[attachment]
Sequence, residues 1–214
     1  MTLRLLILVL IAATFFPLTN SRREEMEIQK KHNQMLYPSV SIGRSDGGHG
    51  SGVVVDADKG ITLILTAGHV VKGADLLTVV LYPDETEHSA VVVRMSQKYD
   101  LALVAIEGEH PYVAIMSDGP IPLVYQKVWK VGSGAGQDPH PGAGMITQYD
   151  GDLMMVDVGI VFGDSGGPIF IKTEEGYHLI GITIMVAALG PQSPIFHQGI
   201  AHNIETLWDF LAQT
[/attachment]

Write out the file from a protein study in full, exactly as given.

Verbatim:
Sequence, residues 1–214
     1  MTLRLLILVL IAATFFPLTN SRREEMEIQK KHNQMLYPSV SIGRSDGGHG
    51  SGVVVDADKG ITLILTAGHV VKGADLLTVV LYPDETEHSA VVVRMSQKYD
   101  LALVAIEGEH PYVAIMSDGP IPLVYQKVWK VGSGAGQDPH PGAGMITQYD
   151  GDLMMVDVGI VFGDSGGPIF IKTEEGYHLI GITIMVAALG PQSPIFHQGI
   201  AHNIETLWDF LAQT